Third way politics should preserve a core concern with social justice,
while accepting that the range of questions which escape the
Left/Right divide is greater than before. Freedom to social democrats
should mean autonomy of action, which in turn demands the involvement
of the wider social community.
Having abandoned collectivism, third way politics looks for a new
relationship between the individual and the community, a redefinition
of rights and obligations.
One might suggest as a prime motto for the new politics, no rights
without responsibilities.
Government has a whole cluster of responsibilities for its citizens
and others, including the protection of the vulnerable.
Old-style social democracy, however, was inclined to treat rights as
unconditional claims. With expanding individualism should come an
extension of individual obligations.
Unemployment benefits, for example, should carry the obligation
actively to look for work, and it is up to governments to ensure that
welfare systems do not discourage active search.
As an ethical principle, no rights without responsibilities must apply
not only to welfare recipients, but to everyone - otherwise the
precept can be held to apply only to the poor or the needy.
Exclusion is not about gradations of inequality, but about mechanisms
that detach people from the social mainstream.
Limiting the voluntary exclusion of the elites is central to creating
a more inclusive society at the bottom. Many suggest the accumulation
of privilege at the top is unstoppable. Income inequalities seem to be
rising across a wide front. In the US, for example, 60 per cent of
income gains over the period from 1980 to 1990 went to the top 1 per
cent of the population, while the real income of the poorest 25 per
cent has remained static for 30 years. The UK shows similar trends in
less extreme form. The gap between the highest-paid and lowest-paid
workers is greater than it has been for at least 50 years. While the
large majority of the working population are better off in real terms
than 20 years ago, the poorest 10 per cent have seen their real
incomes decline.
'Civic liberalism' - the recapturing of public space - must be a basic
part of an inclusive society at the top. How can this liberalism be
renewed or sustained? The successful cultivation of the cosmopolitan
nation is one way. People who feel themselves members of a national
community are likely to acknowledge a commitment to others within it.
In terms of social solidarity, the most important groups are not only
the new corporate rich but also the members of the professional and
moneyed middle class, since they are closest to the dividing lines
which threaten to pull away from public space. Improving the quality
of public education, sustaining a well-resourced health service,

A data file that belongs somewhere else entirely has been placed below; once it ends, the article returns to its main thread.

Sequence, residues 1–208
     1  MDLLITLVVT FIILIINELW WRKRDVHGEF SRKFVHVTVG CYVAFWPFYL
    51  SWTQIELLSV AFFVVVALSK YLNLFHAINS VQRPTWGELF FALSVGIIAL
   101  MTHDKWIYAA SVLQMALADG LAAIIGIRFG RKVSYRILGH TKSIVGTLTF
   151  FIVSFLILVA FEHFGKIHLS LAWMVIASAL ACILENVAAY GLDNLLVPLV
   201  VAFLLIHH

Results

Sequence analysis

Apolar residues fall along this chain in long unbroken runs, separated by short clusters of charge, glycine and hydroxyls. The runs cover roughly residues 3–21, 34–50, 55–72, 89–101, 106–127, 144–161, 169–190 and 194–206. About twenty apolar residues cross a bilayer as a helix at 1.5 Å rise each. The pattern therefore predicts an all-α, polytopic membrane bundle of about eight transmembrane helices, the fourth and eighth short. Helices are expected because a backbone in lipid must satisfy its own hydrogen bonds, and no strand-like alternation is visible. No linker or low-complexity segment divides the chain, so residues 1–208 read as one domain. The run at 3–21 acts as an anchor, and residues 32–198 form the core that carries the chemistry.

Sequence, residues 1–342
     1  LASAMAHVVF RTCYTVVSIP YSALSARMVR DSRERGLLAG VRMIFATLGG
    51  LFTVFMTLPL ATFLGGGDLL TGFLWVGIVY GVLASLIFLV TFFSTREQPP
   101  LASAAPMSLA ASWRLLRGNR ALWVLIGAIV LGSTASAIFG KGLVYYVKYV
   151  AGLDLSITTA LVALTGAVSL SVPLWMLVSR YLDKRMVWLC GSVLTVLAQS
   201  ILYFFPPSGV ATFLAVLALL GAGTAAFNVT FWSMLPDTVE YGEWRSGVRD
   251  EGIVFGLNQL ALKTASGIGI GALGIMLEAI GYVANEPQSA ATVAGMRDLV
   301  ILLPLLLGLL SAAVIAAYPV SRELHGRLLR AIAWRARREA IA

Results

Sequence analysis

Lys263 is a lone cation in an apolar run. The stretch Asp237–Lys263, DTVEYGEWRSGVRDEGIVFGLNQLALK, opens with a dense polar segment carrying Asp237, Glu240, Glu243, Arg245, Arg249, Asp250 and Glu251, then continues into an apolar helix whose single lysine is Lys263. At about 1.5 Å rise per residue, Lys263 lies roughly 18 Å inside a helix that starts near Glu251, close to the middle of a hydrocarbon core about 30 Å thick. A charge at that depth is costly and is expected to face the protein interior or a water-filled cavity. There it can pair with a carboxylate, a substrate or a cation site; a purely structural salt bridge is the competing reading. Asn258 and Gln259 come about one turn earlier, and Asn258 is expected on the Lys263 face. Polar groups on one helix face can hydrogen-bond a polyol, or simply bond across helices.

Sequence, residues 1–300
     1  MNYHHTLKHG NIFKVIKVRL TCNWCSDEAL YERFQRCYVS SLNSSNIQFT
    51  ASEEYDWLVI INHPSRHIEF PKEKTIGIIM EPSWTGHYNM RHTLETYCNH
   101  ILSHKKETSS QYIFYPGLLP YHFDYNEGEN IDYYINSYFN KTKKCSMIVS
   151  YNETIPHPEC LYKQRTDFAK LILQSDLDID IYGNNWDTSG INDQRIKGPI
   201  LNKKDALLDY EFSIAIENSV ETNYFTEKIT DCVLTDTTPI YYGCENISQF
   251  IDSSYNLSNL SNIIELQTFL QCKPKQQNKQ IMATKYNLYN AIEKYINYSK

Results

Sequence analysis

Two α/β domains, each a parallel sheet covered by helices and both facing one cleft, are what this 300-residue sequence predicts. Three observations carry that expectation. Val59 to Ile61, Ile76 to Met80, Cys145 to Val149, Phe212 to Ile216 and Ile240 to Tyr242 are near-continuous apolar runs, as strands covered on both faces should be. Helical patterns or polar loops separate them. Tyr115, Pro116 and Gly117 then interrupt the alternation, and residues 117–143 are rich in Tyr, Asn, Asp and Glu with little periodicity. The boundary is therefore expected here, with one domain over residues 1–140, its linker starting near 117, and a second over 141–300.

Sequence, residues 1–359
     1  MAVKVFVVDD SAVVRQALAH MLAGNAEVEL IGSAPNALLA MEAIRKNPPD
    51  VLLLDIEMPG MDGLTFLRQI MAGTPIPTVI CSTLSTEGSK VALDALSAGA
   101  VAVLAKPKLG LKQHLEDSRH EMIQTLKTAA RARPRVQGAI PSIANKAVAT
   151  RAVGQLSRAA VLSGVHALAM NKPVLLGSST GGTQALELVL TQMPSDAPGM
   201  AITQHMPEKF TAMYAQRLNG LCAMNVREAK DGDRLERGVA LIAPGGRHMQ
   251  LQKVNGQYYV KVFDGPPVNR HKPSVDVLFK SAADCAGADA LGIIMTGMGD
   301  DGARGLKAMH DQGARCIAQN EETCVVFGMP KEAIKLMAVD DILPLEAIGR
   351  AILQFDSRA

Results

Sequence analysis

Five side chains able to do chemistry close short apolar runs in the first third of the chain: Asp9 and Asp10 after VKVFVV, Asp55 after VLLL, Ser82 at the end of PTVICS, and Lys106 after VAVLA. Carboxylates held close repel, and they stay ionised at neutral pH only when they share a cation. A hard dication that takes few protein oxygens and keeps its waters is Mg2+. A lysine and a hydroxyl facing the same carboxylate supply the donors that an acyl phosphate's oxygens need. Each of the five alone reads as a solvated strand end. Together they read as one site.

promoting safe public amenities, and controlling levels of crime are
all relevant.
Inclusion must stretch well beyond work, not only because there are
many people at any one time not able to be in the labour force, but
because a society too dominated by the work ethic would be a
thoroughly unattractive place in which to live. An inclusive society
must provide for the basic needs of those who can't work and must
recognise the wider diversity of goals life has to offer.
Reform of the welfare state should not reduce it to a safety net. Only
a welfare system that benefits most of the population will generate a
common morality of citizenship. Where "welfare" assumes only a
negative connotation, and is targeted largely at the poor, as has
tended to happen in the US, the results are divisive.
Our current welfare state isn't geared up to cover new-style risks
such as technological change, social exclusion or the accelerating
proportion of one-parent households. These mismatches are of two
kinds: where risks covered don't fit with needs, and where the wrong
groups are protected.
Welfare reform should recognise that effective risk management
(individual or collective) doesn't just mean minimising or protecting
against risks, it also means harnessing the positive or energetic side
of risk and providing resources for risk taking. Active risk taking is
recognised as inherent in entrepreneurial activity, but the same
applies to the labour force. Deciding to go to work and give up
benefits, or taking a job in a particular industry, are risk-infused
activities - but such risk-taking is often beneficial both to the
individual and the wider society.
Although these propositions may sound remote from the down-to-earth
concerns of welfare systems, there isn't a single area of welfare
reform to which they aren't relevant or which they don't help
The guideline is investment in human capital wherever possible, rather
than the direct provision of economic maintenance. In place of the
welfare state we should put the social investment state, operating in
the context of a positive welfare society.
* Extracted from "The Third Way: The Renewal of Social Democracy",
  published by Polity Press on Friday, 6.95